Try 100%. For plans that are some 20 years or longer, all of your first-year “savings” are paid to your agent, your agent’s manager, and sometimes your agent’s manager’s manager as commissions and bonuses.

Over the next few years, as much as another year of premium is paid as such, which means you are giving up as much as two years of “savings” as commissions. I hope you like your friend a lot, because he/she will like you better. At least until the sale is complete and the free-look period is over.

Overly conservative portfolio greatly reduces your potential returns

The bonkers commissions aside, another major reason why such plans are a bad idea because the underlying investment assets are overly conservative for an investment horizon of decades.

Such plans are invested in the insurer’s Participating Fund, and such funds usually have at most 30% in equities with the remaining 70% in safer assets like bonds and other lower-risk asset classes. If you are setting aside money for the long term, this is simply too conservative which greatly limits your returns.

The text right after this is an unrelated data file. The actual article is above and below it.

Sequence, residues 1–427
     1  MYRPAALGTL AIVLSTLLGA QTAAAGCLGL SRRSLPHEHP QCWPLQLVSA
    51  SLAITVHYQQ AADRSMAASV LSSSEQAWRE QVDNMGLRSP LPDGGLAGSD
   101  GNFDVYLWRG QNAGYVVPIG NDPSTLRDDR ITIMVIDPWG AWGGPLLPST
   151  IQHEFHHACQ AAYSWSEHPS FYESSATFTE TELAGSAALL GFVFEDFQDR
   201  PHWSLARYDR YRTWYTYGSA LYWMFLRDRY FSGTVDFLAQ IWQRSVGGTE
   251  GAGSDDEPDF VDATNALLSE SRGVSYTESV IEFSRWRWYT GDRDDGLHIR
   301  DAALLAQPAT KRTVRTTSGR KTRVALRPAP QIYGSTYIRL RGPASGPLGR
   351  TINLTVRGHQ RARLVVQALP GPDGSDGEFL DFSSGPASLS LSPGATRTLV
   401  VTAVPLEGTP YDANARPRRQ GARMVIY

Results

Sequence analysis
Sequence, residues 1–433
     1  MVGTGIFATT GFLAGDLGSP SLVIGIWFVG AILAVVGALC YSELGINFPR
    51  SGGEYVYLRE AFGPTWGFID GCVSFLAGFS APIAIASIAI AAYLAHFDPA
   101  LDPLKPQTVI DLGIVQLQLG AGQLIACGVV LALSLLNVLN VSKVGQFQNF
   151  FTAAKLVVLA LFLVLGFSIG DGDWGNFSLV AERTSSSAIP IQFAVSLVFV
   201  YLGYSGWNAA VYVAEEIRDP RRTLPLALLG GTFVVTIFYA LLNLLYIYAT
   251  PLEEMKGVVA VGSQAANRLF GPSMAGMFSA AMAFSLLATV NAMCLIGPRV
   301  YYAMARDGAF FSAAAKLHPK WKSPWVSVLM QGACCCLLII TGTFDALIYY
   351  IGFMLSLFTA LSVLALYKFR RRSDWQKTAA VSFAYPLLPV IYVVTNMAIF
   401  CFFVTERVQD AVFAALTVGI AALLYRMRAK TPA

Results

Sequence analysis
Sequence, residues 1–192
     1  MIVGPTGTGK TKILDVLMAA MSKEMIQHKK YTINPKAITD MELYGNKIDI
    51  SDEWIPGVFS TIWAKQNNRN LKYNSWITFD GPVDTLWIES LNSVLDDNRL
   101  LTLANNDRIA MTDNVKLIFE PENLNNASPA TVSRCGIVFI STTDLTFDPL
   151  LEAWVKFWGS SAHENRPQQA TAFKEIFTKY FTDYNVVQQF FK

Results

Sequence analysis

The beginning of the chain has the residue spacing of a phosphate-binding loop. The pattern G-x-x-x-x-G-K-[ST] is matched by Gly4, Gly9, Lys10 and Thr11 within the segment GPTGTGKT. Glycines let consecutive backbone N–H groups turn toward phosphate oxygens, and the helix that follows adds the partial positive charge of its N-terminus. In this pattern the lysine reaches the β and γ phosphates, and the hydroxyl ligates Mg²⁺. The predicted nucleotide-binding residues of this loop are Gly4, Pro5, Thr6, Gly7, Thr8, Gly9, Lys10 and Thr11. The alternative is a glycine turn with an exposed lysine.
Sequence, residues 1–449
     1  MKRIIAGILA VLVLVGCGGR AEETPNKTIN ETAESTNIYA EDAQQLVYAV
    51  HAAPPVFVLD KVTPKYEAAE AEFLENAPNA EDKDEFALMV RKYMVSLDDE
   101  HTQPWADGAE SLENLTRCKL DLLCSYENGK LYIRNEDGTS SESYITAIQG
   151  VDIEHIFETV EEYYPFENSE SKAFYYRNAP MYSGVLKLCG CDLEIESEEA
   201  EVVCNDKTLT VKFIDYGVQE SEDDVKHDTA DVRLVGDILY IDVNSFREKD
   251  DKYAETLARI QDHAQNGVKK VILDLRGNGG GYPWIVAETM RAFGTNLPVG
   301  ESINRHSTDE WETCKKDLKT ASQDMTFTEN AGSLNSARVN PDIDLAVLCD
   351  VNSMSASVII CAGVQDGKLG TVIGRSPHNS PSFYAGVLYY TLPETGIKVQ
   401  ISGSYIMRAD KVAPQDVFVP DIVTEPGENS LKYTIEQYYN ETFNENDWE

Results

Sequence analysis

The Rule of 100 states that you should subtract your age from 100, and the resulting number should be your percentage exposure to equities. Hit the big 30 this year? Put at least 70% of your investible savings into equities. Some even think that the number should be closer to 120, and you can always use 80 if you are a more risk-conservative person.

Equities may be riskier and volatile in the short-term, but it is the smarter choice if you have a long time horizon

Poor risk-adjusted returns